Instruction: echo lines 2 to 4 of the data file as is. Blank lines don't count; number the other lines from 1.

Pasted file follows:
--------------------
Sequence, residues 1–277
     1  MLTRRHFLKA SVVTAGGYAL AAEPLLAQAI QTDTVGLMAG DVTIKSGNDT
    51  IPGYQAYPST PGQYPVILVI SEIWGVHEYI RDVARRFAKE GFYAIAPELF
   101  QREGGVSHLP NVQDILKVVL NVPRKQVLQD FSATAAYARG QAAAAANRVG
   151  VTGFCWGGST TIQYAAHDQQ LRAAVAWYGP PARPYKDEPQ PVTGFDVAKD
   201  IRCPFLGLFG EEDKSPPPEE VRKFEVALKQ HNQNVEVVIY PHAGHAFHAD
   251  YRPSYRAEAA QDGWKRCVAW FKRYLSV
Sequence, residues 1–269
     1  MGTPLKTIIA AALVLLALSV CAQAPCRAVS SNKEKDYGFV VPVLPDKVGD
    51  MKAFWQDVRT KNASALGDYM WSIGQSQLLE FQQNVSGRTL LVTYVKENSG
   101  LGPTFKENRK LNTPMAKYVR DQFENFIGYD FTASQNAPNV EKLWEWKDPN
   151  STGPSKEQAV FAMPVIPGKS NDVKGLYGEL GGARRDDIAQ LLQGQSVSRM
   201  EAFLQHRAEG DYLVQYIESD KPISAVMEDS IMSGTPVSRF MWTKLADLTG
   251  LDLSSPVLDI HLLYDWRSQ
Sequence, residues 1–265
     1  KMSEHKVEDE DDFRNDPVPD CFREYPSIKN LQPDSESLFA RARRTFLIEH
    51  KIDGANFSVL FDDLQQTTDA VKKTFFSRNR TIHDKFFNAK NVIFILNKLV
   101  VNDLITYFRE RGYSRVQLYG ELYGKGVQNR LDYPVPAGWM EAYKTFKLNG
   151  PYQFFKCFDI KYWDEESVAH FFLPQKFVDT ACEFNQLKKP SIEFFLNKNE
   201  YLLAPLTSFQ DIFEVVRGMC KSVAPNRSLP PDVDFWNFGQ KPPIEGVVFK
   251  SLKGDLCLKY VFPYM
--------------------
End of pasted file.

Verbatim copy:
     1  MLTRRHFLKA SVVTAGGYAL AAEPLLAQAI QTDTVGLMAG DVTIKSGNDT
    51  IPGYQAYPST PGQYPVILVI SEIWGVHEYI RDVARRFAKE GFYAIAPELF
   101  QREGGVSHLP NVQDILKVVL NVPRKQVLQD FSATAAYARG QAAAAANRVG